Scribe B: fols. 141-141v written in semi-cursive Italian script.

Scribe C: fols. 152v-154 written in semi-cursive Italian script. (fols. 153v-154 are written in alternating black and red ink).


Number of lines

Siddur (fols. 1v-140v):

written in 30 lines in two columns of 35 mm each

SeMaK  (fols. 142v-152, 154v-274):

written in 35 lines in three columns of 25 mm each



Siddur (fols. 1v-140v): ruling by plummet 31 horizontal lines and 2+2+2 vertical lines.

SeMaK  (fols. 142v-152, 154v-274): ruling by plummet 36 horizontal lines and 2+2+2+2 vertical lines.



Siddur (fols. 1v-140v): pricking is evident in the inner margins only.

SeMaK (fols. 142v-152, 154v-274): pricking is evident in all margins.



28 quires of 12 leaves each (fols. 1 and 12 of the first quire are single leaves), except for III11(6+5) (fol. 25 is a widow, no text is missing), VIII-XIII8, XIV10, XVIII-XX8 and XXII-XXIII8, XXVII3 (single leaves), XXVIII6(3+3) (missing text).



Catchwords to the quires written vertically in script identical to the text in the lower left hand corner of the final verso (e.g. fol. 24v).


Hebrew numeration

Remnants of Hebrew alphabet numeration appear at the top left corner of the some versos (e.g. fols. 205 to 263).


Blank leaves

Fols. 22r, 44v and 142r are blank.

Fol. 141v and fols. 152v-154 originally blank leaves, which in the 15th century were filled with text.



Number of Lines
Hebrew Numeration
Blank Leaves
Façade (main)
Location of Torah Ark
Location of Apse
Location of Niche
Location of Reader's Desk
Location of Platform
Temp: Architecture Axis
Arrangement of Seats
Location of Women's Section
Direction Prayer
Direction Toward Jerusalem
Coin Series
Coin Ruler
Coin Year
Colophons by the scribe Menahem ben Eliezer: First colophon: fol. 141, at the end of the Siddur, written in square Ashkenazi script in dark brown ink. סיימתי התפילות מכל השנה/ והספר המצות עם התפילות/ לר' מאיר בר אשר הלוי המקום / יזכהו הוא וזרעו וזרע זרעו עד/ סוף כל הדורות אמן אמן אמן/ סלה/ חזק ונתחזק מנחם בהר' [בן הרב] אליעזר/ הכותב לא יוזק לא היום ולא/ לעולם עד שיעלה חמור בסולם “I, Menahem son of Eliezer, completed this book of prayers and precepts for Rabbi Meir Ben Asher Halevi. The scribe will not be harmed, not today and not forever, until a donkey climbs up a ladder“. Second colophon: fol. 151v on the lower half of the page in square Ashkenazi script: חזק ונתחזק מנחם הכותב/לא יוזק לא היום ולא לעולם/ עד שיעלה חמור בסולם “Strength and be strong Menahem the scribe will not be harmed, not today and not forever until a donkey climbs up a ladder”. Fol. 162, in the intercolumnar space in the lower part of the second column of the SeMaK next to the text “Rabbi Menahem bar Shmuel” is a flower drawn in ink marking the word Menahem.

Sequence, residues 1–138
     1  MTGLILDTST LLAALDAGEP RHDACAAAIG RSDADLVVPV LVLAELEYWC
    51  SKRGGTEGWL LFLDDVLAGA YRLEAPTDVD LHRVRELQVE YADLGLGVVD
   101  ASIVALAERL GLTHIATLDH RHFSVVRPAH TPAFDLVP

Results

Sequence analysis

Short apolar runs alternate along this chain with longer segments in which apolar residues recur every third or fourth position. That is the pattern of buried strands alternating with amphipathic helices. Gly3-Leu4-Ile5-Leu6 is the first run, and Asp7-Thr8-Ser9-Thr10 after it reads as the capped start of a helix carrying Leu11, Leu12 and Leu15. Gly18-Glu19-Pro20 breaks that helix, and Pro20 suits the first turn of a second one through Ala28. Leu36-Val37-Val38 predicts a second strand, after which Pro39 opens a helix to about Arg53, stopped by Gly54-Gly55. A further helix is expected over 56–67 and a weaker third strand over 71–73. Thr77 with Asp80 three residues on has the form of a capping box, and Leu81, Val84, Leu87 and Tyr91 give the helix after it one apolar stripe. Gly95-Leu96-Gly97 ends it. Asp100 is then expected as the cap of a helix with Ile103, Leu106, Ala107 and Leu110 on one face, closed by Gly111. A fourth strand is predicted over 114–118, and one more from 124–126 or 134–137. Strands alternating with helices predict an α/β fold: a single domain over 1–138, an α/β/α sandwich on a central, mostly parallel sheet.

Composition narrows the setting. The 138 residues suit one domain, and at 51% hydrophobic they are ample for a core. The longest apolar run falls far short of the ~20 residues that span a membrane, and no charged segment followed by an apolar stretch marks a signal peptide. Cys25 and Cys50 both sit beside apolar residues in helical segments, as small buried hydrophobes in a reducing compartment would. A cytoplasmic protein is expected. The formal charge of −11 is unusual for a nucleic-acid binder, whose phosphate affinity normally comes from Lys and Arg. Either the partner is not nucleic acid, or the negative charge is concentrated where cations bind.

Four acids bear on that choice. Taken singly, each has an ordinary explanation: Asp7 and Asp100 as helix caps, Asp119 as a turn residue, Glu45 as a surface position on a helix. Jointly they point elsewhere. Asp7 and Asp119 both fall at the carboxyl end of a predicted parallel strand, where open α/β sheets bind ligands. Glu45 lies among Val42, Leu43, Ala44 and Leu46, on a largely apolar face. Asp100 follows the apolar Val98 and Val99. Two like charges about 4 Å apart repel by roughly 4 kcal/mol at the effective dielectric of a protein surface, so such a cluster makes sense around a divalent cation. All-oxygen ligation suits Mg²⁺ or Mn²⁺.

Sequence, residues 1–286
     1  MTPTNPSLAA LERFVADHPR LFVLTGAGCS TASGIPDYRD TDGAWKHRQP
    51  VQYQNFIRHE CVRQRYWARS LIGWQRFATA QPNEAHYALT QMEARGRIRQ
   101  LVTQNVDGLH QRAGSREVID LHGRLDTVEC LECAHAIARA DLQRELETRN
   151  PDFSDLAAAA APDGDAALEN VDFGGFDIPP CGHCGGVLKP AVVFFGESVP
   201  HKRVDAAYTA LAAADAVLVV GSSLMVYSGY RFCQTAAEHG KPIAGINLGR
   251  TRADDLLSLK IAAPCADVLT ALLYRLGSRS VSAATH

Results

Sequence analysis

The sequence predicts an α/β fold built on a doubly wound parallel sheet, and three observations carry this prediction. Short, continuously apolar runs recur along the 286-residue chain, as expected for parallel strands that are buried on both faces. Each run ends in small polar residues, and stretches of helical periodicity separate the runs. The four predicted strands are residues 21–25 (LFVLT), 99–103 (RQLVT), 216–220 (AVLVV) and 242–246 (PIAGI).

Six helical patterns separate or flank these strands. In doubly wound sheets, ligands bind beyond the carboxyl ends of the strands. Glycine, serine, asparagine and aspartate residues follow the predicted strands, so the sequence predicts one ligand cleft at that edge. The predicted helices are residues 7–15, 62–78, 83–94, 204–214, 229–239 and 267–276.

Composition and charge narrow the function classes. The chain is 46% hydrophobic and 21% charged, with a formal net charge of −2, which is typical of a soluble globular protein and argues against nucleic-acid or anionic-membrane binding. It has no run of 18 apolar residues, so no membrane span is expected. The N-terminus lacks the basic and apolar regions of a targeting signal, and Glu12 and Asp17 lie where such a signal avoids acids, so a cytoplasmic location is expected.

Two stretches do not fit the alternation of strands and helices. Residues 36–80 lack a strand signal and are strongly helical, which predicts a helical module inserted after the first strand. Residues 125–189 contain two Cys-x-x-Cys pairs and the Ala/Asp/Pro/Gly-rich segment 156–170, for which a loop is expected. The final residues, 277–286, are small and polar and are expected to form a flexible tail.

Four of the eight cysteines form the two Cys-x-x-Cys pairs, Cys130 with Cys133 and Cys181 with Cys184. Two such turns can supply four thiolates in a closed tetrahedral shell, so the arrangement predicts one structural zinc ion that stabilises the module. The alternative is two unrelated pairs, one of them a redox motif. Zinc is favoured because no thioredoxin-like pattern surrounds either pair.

Scribal Notes
Scribal notes A. Notes by the scribe Menahem ben Eliezer: Fol. 155v, in the upper margin, at the beginning of the SeMak text, the scribe wrote in semi-cursive script: ו (במזל טוב בעזרת ה' נעשה ונצליח)“ בטב גדא בינ ”With good luck in the name of the Lord, let us do and thrive”. Many scribal notes indicating the end of a section and the beginning of another one appear in the siddur (e.g. fols. 36, 53, 77, 91v, 11v, 113, 116, 120v, 124). For example: fol. 53 in the bottom of the page, in semi-cursive Gothic script the scribe wrote: סליק מסכת אבות שבח לרוכב בערבות/אתחיל תפילות של ראש השנה “I finished tractate Avot, thanks to him that rideth upon the heavens [Psalms 68: 4], I will start the prayers for New Year.” Fol. 163, in the upper margin flanking the top of the initial word panel to the second chapter of the SeMaK the scribe wrote in square Ashkenazi script: נשלם יום אחד/שבח לאל המיוחד // יוצרי יצליחני/ במצות יום שני “The first day is completed, thanks to God, may my creator help me with the second day’s precepts". This inscription repeated in different words at the end of every day of the SeMaK in semi-cursive script (e.g. fols. 179, 214, 244, 256) except for the end of the seventh day which is missing. B. Notes by the Italian Scribe of the Calendar of 1468 (identified by the Hebrew Palaeography Project J24, as Elazar ben Jacob, called Zalman of שוטיגורא (Perhaps Stuttgart) ; fols. 152v-154, see Remarks below): The first year which appears in the Calendar is רכ"ח (1468). The dateרכ"ח (1468) is also mentioned in several places in the text: On fol. 154, above the table: ... והדוגמא כמו עתה רכ"ח לפרט ... "… and for example the year as is now 5228 (1468) …" Below the table and in the following page is written: ובכל שנה ושנה תכתוב פרטך אצל הלוח כמו שעשיתי האידנא רכח לפרט ג' שנים למחזור רע"ו ולא תשגה "And every year you should write the proper details in the table, as I did in this year רכח, which is the 3rd of the cycle רע"ו (=276) [which is the year 1468]".